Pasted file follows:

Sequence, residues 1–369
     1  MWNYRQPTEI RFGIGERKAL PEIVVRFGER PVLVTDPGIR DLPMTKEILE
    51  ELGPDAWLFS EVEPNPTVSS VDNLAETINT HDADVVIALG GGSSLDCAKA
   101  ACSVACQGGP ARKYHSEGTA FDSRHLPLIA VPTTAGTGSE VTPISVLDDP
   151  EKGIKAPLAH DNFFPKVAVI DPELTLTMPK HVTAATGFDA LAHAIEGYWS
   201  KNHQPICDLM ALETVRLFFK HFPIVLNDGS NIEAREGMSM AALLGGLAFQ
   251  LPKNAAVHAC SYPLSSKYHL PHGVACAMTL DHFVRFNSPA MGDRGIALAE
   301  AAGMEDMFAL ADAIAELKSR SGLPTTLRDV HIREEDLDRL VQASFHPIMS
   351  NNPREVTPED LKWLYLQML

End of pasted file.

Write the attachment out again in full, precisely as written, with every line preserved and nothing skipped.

Sequence, residues 1–369
     1  MWNYRQPTEI RFGIGERKAL PEIVVRFGER PVLVTDPGIR DLPMTKEILE
    51  ELGPDAWLFS EVEPNPTVSS VDNLAETINT HDADVVIALG GGSSLDCAKA
   101  ACSVACQGGP ARKYHSEGTA FDSRHLPLIA VPTTAGTGSE VTPISVLDDP
   151  EKGIKAPLAH DNFFPKVAVI DPELTLTMPK HVTAATGFDA LAHAIEGYWS
   201  KNHQPICDLM ALETVRLFFK HFPIVLNDGS NIEAREGMSM AALLGGLAFQ
   251  LPKNAAVHAC SYPLSSKYHL PHGVACAMTL DHFVRFNSPA MGDRGIALAE
   301  AAGMEDMFAL ADAIAELKSR SGLPTTLRDV HIREEDLDRL VQASFHPIMS
   351  NNPREVTPED LKWLYLQML